Choosing a network – hint: its not the tool…
A lot of what happens on Plurk and Twitter seems to be ABOUT Plurk and Twitter. On its own, that seems a pretty silly way to spend your day investing in any kind of a network which revolves just around that network’s existence. For me, all of these tools represent more: a professional outlet to pass ideas, learn about tools and network about education, and secondly as a way to get to know personally and beyond the classroom what makes my PLN “tick.” Unlike an encyclopedia of links, social networking involves connecting PEOPLE and not just technology.
Twitter was great when it worked. It allowed the leaders in educational technology to keep their “followers” up on new projects and ideas they were working on. Post a URL to a new tool, and it was like Christmas as the viral thing kicked in. In some cases, you got to know those folks a little better. Maybe you “met” their families, saw their pictures, found new blogs you wanted to read. But it was rare that THEY got to know YOU.
If you were sitting on the “top” with thousands of followers and an entrenched friend list, you just couldn’t follow everybody. (Regardless if you agree with the tact of which one responds, it is nearly inhuman to be able to speak about experiences you’re too network-involved in to have.) Moreover, these new “rock stars” have been able to successfully translate their followings over to many services! (I see some on Plurk who signed up, plurked once, never came back but have 100s of followers.)
But how about those followers? Twitter doesn’t necessarily give everyone a voice, and certainly leads to confusion over ones place in the heirarchy. Without extensive friends who re-tweet, your thoughts and ideas require greater momentum to reach critical mass, and then it is likely they will be attributed to the person who re-tweeted your ideas, not you.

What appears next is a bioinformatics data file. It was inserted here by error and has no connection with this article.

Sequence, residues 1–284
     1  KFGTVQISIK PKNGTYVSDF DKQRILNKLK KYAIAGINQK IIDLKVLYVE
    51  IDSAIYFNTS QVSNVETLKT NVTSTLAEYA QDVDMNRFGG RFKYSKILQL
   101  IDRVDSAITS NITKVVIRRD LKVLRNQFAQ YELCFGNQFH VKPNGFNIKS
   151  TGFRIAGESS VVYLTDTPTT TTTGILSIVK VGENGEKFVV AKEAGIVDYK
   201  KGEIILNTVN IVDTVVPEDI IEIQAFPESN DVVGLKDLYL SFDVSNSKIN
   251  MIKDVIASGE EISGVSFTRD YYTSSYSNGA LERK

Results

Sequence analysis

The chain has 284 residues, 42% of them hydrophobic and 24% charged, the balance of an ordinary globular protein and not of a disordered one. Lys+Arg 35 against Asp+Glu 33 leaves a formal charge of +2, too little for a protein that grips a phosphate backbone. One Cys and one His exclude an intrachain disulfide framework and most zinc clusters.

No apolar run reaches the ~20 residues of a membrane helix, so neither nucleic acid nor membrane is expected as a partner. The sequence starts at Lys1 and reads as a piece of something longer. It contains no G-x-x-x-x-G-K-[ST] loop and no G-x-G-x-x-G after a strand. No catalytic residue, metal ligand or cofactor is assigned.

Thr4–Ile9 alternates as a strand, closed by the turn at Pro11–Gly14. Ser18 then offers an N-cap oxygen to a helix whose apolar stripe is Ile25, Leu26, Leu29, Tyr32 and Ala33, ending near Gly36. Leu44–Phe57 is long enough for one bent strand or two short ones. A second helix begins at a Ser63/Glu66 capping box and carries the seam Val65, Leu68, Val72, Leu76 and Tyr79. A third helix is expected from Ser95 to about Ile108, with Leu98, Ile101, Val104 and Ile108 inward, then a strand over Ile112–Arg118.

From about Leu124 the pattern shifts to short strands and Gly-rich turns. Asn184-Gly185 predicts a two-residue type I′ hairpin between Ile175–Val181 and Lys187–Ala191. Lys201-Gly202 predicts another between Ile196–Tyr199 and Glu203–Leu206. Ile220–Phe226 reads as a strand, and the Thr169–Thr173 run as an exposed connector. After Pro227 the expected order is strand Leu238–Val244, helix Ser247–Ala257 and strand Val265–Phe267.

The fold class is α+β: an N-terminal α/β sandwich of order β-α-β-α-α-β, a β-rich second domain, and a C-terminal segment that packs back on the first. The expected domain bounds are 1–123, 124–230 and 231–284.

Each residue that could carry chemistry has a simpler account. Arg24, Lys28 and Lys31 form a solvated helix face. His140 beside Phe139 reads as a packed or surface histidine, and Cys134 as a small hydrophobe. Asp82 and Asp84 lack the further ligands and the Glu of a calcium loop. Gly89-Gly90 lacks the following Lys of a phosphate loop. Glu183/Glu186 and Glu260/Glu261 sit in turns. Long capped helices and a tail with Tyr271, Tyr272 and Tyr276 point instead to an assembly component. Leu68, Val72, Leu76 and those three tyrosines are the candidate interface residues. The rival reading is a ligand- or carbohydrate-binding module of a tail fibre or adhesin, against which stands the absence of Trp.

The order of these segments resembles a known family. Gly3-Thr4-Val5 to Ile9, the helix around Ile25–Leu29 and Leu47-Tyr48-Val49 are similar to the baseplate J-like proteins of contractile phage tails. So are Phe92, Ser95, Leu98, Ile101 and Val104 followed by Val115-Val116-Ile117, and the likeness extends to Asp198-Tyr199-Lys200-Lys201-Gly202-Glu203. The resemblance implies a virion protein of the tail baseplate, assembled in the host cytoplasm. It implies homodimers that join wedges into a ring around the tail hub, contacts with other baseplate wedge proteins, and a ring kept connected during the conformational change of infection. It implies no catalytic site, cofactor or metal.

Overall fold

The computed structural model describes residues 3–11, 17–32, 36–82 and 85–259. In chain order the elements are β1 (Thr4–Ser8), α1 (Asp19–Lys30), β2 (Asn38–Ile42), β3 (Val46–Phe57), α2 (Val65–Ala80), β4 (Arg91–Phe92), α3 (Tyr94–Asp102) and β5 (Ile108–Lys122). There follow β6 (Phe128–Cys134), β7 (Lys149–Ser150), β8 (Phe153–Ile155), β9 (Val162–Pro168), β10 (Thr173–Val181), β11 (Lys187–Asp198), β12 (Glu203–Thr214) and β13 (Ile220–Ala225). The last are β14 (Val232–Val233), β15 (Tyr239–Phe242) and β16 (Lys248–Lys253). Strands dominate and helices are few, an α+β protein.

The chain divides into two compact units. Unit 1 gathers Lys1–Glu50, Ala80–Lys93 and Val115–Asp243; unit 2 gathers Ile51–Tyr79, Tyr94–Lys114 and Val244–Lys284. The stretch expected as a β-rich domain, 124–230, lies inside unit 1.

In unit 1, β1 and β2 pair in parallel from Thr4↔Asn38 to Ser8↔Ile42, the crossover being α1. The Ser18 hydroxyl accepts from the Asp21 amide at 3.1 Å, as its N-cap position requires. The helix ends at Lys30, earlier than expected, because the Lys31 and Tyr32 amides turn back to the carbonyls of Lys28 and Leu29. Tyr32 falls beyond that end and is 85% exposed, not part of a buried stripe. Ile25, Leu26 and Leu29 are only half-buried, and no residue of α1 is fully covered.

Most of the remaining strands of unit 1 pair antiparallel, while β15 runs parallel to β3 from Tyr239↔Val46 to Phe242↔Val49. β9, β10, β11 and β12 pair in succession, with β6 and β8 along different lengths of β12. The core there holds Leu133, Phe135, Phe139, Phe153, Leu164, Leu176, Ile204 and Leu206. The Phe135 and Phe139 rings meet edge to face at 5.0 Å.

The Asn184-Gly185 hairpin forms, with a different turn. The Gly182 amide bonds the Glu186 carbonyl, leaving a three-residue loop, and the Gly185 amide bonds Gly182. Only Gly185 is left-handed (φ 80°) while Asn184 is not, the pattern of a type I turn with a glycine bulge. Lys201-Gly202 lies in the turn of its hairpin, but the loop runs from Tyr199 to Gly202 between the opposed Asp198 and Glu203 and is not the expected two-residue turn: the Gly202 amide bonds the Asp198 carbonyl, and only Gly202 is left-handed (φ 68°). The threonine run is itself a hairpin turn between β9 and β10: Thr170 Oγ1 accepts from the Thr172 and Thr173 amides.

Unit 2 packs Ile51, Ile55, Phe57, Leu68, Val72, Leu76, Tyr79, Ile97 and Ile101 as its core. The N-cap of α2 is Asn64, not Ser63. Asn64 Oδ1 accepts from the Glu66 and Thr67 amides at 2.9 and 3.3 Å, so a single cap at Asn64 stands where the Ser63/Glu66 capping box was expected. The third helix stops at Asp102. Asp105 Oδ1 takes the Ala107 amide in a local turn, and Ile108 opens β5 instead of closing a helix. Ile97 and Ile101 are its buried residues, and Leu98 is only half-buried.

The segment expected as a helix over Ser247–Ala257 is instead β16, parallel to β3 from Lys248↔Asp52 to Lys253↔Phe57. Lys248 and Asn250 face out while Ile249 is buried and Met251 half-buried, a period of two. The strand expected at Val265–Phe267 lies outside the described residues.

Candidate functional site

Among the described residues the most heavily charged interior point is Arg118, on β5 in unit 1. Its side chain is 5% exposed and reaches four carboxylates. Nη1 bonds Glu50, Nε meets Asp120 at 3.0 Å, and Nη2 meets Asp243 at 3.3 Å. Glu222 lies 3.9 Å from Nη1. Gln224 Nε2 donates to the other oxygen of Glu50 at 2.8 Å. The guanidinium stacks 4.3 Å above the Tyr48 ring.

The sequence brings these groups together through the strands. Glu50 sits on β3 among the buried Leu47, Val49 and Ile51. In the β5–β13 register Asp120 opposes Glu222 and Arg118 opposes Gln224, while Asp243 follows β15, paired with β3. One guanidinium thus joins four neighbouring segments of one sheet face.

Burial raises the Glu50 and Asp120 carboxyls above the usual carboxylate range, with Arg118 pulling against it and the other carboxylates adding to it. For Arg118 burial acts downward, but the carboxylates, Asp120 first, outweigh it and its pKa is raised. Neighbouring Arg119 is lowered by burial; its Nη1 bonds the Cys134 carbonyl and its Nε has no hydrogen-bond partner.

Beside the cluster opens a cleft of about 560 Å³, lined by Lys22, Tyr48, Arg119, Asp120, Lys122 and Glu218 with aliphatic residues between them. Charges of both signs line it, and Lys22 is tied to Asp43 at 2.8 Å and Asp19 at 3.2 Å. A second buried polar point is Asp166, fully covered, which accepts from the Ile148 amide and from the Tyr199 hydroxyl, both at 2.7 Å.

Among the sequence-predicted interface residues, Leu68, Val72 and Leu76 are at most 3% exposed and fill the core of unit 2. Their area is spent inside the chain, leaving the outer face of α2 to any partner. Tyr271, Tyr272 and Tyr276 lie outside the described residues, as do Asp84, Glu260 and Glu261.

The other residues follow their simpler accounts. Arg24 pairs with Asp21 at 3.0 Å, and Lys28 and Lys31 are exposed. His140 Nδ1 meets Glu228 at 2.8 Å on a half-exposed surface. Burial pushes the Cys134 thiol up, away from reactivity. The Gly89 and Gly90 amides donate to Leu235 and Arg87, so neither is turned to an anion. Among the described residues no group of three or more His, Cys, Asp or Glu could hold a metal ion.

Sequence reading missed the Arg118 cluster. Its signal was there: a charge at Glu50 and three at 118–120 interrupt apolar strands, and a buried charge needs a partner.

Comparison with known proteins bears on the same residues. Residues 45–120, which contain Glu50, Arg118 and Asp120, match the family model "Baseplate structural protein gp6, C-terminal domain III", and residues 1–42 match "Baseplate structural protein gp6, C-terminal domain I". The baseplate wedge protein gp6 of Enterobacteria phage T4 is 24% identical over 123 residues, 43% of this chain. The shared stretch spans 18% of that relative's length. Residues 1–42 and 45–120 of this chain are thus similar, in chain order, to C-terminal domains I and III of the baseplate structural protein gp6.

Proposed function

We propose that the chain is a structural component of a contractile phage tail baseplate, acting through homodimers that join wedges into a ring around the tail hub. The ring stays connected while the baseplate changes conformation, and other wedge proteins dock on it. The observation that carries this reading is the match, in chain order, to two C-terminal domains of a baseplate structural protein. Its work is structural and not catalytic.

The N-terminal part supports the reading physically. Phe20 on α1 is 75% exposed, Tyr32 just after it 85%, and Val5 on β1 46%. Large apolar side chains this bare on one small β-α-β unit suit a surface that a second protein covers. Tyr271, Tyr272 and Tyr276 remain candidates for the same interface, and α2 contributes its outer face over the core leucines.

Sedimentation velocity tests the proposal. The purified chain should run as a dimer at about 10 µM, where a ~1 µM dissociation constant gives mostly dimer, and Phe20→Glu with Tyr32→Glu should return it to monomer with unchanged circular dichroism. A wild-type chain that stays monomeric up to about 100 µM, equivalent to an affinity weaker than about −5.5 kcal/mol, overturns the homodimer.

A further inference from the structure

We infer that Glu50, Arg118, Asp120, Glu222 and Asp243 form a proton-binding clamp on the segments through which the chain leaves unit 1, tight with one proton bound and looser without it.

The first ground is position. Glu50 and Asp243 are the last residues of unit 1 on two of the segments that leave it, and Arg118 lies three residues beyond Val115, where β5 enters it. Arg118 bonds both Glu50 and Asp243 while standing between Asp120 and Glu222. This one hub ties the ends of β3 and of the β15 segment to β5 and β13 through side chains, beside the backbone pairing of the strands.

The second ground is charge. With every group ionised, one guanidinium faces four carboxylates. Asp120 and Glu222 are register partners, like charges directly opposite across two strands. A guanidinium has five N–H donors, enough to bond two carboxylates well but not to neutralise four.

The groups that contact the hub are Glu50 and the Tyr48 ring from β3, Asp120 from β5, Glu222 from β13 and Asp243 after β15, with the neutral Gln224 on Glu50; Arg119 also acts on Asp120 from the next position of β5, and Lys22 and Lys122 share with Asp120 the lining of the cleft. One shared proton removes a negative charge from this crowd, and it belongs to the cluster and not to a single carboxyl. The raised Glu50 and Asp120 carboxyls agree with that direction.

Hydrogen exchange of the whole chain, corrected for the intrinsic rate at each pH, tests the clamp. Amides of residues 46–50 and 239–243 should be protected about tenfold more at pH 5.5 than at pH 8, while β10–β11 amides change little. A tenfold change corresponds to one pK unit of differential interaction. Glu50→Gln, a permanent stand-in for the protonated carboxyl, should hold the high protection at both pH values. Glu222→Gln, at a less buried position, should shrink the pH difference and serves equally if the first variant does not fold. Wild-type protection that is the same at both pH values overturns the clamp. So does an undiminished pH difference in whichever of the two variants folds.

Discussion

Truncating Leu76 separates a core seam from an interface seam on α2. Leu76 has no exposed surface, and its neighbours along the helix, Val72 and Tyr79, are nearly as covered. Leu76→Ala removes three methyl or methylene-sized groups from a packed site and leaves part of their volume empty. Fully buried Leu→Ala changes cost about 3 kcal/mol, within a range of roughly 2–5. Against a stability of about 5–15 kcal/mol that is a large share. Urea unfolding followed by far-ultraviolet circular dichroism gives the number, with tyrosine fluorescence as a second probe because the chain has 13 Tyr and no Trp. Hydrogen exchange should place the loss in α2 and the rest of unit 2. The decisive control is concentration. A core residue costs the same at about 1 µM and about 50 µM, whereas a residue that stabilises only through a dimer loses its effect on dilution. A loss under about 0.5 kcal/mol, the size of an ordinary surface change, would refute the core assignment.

I don’t know about you, but I consider my Personal Learning Network to be a valuable part of my professional, and now personal life as well. I’ve come to love and appreciate the rock stars like so many of us have. I value many of these beautiful minds even when their exteriors can be rather abrasive. But as much as I can appreciate the steady stream of links and opinions they will shout at me, it is my PLN that I will go back to in order to discuss what works, and how, and where to lay the cornerstone to build something really great.
I like Dean Shareski. I think he’s far more approachable and easy to talk to than many who have managed to rise to the top. But I’m willing to bet that any awareness he has of me is probably pretty far removed, if any. After a few brief stops in Plurk, he posted: Shareski wonders about Plurk. Seems more like a chat room than twitter. Do I need that?
Two weeks later, the rest of us are still discussing it. But not Shareski. At least as of my writing this, that was his last plurk.
I’m an educator. I’m an administrator. I’ve ALMOST completed two decades in public education, longer if you consider my coaching and volunteer work for the better part of the decade before that. I know great teachers don’t stand at a pulpit and preach. Great teachers seed the process to inspire, create and awe. They guide.
I personally believe that there is no greater gift to give our students than to teach them how to communicate. A skill we often delude ourselves we’re good at because we can crank out a lot of blog posts, or deliver the same presentation over and over. But communication is a two way street.
Its not so important if you Twitter or Plurk or Ning, or don’t. Its the level of interaction we have amongst ourselves as we share the minutia of our days as well as the mountains we’ve climbed. Web2.0 is about connecting people, not technology. And those that choose to preach from the pulpit – well, I suppose if life were del.icio.us, I would tag you with “tool” and not “friend” – even if I respect your ideas but you don’t involve me.
It’s something we would all do well to keep in mind while we strive to be “great teachers.”